“With this bended mar­ble tech­nol­ogy, we use only 2 to 3mm of stone, which can be less than 10 per cent of the ma­te­rial,” he says. “We can also use the of­f­cuts from the quar­ried blocks that would oth­er­wise be thrown away, for out­door sur­faces or even in­te­ri­ors.” An­other key in­no­va­tion is the pre­ci­sion of their au­to­mated stone fab­ri­ca­tion pro­cesses, ac­com­plished through con­stantly up­grad­ing and im­prov­ing their Europe-im­ported ma­chin­ery. “It’s not just about buy­ing the ma­chine, it’s about how you put it into prac­tice in the ac­tual pro­duc­tion line,” shares Tjioe. Take for in­stance its new­est ma­chine, which is equipped with a sev­e­naxis spin­dle and cam­era in­put. Based on the spec­i­fi­ca­tions pro­vided, it is able to cut a sculp­tural side ta­ble from a slab of stone within an hour; the same piece may need up to 58 hours if cut by hand. Be­yond the com­plex ma­chin­ery, what’s as strik­ing about the fac­tory is its lush sur­round­ings, which in­clude a path lined with bam­boo groves and ponds. The eco­con­scious en­tre­pre­neur hopes to keep it that way, grad­u­ally adding more green­ery to the site while min­imis­ing the use of chem­i­cals in its fab­ri­ca­tion pro­cesses; the goal is to do with­out these clean­ing chem­i­cals com­pletely.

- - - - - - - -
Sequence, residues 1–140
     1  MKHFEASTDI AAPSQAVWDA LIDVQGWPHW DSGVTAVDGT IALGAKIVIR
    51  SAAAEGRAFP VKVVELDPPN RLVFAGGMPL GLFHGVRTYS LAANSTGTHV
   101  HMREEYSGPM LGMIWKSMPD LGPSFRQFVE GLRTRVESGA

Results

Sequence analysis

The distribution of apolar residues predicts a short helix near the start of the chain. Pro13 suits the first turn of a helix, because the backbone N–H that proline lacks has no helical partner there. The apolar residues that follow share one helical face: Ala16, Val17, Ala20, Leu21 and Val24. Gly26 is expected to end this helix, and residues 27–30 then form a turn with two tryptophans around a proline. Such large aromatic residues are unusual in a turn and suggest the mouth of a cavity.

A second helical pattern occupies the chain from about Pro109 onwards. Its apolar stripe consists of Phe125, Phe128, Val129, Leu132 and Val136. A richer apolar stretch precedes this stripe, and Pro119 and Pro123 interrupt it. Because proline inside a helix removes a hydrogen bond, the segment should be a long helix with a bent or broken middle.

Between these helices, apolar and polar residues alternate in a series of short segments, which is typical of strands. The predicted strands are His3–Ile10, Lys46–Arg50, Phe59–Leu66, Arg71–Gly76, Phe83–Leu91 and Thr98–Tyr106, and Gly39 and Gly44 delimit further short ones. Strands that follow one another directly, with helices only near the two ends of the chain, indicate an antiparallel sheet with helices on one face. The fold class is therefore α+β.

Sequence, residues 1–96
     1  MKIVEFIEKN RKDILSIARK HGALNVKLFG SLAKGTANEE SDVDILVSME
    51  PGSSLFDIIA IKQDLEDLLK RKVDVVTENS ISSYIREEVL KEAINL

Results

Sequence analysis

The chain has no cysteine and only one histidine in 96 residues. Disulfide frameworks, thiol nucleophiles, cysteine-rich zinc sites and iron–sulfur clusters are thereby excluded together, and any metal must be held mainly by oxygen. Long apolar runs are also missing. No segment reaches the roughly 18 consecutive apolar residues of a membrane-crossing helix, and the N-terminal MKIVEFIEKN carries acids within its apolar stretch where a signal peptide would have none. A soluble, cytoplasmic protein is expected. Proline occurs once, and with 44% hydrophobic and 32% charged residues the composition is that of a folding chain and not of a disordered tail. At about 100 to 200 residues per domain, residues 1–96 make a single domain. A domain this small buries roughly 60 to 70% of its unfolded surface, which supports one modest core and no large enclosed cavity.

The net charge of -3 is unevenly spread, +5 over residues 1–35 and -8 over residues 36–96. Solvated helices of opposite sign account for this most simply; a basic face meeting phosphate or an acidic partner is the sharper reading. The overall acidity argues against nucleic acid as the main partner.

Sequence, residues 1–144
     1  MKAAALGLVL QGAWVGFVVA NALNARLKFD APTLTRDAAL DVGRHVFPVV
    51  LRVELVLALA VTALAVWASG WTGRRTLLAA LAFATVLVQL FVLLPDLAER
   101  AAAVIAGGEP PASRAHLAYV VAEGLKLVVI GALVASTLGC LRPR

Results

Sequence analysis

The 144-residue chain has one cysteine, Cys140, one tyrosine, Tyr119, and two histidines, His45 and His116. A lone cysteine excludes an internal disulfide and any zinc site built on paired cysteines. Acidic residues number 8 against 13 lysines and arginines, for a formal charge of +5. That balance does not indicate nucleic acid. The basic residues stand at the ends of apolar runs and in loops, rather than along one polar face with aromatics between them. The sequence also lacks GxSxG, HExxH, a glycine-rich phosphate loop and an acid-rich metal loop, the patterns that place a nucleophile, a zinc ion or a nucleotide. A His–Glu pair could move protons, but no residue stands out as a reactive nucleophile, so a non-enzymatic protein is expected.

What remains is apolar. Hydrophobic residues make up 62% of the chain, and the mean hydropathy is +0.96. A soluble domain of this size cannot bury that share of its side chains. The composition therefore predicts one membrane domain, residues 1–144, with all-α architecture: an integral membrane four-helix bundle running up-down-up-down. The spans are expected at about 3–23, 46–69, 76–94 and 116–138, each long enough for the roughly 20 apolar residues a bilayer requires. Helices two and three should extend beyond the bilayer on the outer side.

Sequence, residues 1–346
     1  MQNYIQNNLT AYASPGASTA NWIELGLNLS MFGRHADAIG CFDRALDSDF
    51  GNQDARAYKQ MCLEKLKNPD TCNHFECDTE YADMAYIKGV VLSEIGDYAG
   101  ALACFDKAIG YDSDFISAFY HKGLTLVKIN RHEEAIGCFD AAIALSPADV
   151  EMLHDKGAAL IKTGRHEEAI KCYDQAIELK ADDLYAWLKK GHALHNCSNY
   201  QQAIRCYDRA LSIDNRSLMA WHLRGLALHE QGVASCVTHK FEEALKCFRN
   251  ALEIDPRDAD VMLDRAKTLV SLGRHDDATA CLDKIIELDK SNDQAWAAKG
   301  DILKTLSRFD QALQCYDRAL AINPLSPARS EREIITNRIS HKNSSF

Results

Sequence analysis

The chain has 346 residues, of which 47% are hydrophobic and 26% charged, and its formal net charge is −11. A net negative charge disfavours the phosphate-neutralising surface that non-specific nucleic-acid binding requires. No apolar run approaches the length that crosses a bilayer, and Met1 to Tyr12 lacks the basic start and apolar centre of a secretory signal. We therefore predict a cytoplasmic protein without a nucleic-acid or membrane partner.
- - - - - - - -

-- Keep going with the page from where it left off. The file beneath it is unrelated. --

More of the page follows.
Even now, Tjioe is not about to rest on his lau­rels, stay­ing true to his per­sonal motto: work hard and be cre­ative. “My busiest time of the day is at night, think­ing about my next project,” quips the Re­nais­sance man. The firm re­cently pro­duced a func­tional gui­tar carved from onyx and de­buted a bath­room con­cept at a fur­ni­ture fair in In­done­sia; the lat­ter fea­tures a shower area with free-form walls clad in bended mar­ble. His next goal: to find more ways to utilise the tech­nique, through dec­o­ra­tive pieces that fea­ture a trompe l’oeil ef­fect and other mind-bend­ing op­ti­cal il­lu­sions. Ul­ti­mately, he feels the for­mula for his com­pany’s suc­cess is as sim­ple. “We treat stone as more than a com­mod­ity—and we keep learn­ing and chal­leng­ing our­selves to do bet­ter,” he says.